Sickle cell anemia (SCA) is common in sub-Saharan Africa where approximately 1% of births are affected. Severe anemia is a common cause for hospital admission within the region yet few studies have investigated the contribution made by SCA. The Transfusion and Treatment of severe anemia in African Children Trial (ISRCTN84086586) investigated various treatment strategies in 3983 children admitted with severe anemia (hemoglobin < 6.0 g/dl) based on two severity strata to four hospitals in Africa (three Uganda and one Malawi). Children with known-SCA were excluded from the uncomplicated stratum and capped at 25% in the complicated stratum. All participants were genotyped for SCA at trial completion. SCA was rare in Malawi (six patients overall), so here we focus on the participants recruited in Uganda. We present baseline characteristics by SCA status and propose an algorithm for identifying children with unknown-SCA. Overall, 430 (12%) and 608 (17%) of the 3483 Ugandan participants had known- or unknown-SCA, respectively. Children with SCA were less likely to be malaria-positive and more likely to have an affected sibling, have gross splenomegaly, or to have received a previous blood transfusion. Most outcomes, including mortality and readmission, were better in children with either known or unknown-SCA than non-SCA children. A simple algorithm based on seven admission criteria detected 73% of all children with unknown-SCA with a number needed to test to identify one new SCA case of only two. Our proposed algorithm offers an efficient and cost-effective approach to identifying children with unknown-SCA among all children admitted with severe anemia to African hospitals where screening is not widely available.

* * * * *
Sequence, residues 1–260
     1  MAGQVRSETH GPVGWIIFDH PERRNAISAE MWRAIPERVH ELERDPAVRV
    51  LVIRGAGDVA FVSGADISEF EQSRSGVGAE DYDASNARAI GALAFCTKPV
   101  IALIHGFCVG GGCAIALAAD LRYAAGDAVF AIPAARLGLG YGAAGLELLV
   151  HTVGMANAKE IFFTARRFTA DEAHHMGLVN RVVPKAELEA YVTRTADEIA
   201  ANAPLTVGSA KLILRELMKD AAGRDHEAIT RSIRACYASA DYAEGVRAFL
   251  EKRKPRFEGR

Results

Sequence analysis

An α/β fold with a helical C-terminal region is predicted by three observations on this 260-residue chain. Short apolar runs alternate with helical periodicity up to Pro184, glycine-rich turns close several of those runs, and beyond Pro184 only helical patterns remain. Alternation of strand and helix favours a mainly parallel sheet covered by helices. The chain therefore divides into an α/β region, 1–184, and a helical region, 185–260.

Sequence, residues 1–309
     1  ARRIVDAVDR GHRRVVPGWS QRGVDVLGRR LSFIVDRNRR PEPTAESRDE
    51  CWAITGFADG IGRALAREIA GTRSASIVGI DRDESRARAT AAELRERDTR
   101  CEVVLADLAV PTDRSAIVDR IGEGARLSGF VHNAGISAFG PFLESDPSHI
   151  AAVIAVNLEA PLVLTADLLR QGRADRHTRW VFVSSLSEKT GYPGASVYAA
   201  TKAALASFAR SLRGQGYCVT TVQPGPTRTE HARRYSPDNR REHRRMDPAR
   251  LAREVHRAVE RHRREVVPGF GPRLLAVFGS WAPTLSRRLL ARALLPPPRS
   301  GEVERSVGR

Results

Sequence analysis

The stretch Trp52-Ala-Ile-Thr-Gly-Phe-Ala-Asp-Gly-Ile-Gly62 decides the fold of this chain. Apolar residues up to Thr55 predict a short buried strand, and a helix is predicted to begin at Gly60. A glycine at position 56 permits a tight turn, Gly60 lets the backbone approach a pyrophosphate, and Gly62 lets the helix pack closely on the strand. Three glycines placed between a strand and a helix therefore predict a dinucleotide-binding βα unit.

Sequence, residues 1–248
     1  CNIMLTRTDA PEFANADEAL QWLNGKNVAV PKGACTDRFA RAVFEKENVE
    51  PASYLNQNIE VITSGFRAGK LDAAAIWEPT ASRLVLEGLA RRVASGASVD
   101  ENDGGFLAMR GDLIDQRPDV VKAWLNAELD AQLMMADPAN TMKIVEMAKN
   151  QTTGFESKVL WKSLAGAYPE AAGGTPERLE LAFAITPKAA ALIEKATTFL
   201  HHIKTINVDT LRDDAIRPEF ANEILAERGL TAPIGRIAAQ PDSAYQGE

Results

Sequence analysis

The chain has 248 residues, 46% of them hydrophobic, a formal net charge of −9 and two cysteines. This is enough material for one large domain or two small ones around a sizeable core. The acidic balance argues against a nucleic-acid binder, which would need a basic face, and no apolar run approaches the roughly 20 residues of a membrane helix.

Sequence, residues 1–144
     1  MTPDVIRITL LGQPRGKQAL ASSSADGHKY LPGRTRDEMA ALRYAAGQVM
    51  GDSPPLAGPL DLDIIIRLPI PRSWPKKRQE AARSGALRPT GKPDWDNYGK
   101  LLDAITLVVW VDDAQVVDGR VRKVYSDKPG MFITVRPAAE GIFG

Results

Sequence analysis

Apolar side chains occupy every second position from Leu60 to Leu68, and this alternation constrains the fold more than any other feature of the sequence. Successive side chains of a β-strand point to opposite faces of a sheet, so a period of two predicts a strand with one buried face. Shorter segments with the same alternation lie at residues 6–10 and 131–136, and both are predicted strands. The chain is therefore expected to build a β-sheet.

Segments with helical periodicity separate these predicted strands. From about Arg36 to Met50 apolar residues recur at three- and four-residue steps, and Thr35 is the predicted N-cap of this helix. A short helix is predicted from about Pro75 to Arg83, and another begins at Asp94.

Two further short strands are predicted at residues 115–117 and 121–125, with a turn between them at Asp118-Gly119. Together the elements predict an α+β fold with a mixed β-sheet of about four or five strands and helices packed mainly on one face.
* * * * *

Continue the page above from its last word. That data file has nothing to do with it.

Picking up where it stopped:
Journal article